Neilson Family – Double Life

Double Life is the latest LP from the Portland, Oregon quartet Neilson Family. The band has a cool mix of jangly indie pop with bright vocal melodies and entrancing guitar rhythms. These songs are by all definitions fun guitar music, and the kind of feel-good fare that you wouldn’t mind playing on a relaxing evening or a long road trip. The kind of contemporary pop that one would find accompanying 90’s sitcoms and candy mint commercials. But make no mistake, as there’s a lot of depth and sincerity in these songs. Themes and memories of people, places and the changing eras of time are explored in this lyrically dense record. The kind of thought-provoking introspection that is usually found in country and folk, provided through the lens of indie pop. 

The jaunty “Civil Service Anthem” is filled with candied melodies and bouncy guitar solos, like a cool wind that breezes through the city. This song pays homage to our unsung essential workers whose jobs are even more crucial these days. “TV” is a rousing pop-rock song that tells a story of the narrator having a crush on someone, only to realize they’ve seen them on a TV show somewhere. It evokes head-over-heels feeling akin to classics like Tommy Tutone’s Jenny and Fountain of Wayne’s Stacy’s Mom.

Although most of these songs are filled with colorful jangle, it doesn’t stop the band from delving into darker themes and subjects. “Low Life” explores the feeling of “living close so to the ground”. The song is stripped down to basics with droning guitars and some stellar vocal harmonies from Jamie Neilson and Annie Fifer, whose combination feels nothing less than a spiritual experience. Another somber cut is “Water Ave” which is an ode to a hometown street where : “they used to make things here / now it’s just where we have fun”. The song reflects on the heyday of their favorite childhood spot while musing on how it has dramatically changed over the years.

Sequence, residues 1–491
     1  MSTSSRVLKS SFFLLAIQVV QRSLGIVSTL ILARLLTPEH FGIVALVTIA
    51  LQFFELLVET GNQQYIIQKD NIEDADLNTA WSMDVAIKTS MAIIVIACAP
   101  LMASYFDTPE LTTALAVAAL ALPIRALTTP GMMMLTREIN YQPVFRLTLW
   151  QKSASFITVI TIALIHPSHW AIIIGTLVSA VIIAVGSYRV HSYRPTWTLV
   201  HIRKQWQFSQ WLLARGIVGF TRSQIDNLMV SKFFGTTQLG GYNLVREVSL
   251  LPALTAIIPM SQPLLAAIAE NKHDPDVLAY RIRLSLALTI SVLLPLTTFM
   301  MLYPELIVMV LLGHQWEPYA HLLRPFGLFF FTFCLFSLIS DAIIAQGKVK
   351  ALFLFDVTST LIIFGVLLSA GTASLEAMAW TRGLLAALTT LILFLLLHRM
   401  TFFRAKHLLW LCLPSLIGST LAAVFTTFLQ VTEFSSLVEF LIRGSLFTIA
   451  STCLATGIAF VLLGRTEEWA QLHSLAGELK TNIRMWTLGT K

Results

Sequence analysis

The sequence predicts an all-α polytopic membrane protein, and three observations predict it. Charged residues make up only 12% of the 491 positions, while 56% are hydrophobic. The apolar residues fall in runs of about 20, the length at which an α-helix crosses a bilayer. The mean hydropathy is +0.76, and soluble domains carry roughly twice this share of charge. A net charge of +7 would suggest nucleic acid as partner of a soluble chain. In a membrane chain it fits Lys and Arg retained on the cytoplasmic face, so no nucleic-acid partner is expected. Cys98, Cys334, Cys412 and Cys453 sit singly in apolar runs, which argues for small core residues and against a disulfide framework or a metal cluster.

My pick for the highlight of the album combines both the lively and somber aspects of the band. “My Apartment” has a lightness and cheekiness to it, where the narrator would rather give up everything they own rather than get separated from their beloved apartment. Neilson Family’s two-punch combination of catchy hooks and rhythms combined with sentimentality for precious memories. Double Life is a record that invites you to have fun while it grips you into a nostalgic journey. A journey that you wouldn’t mind repeating.

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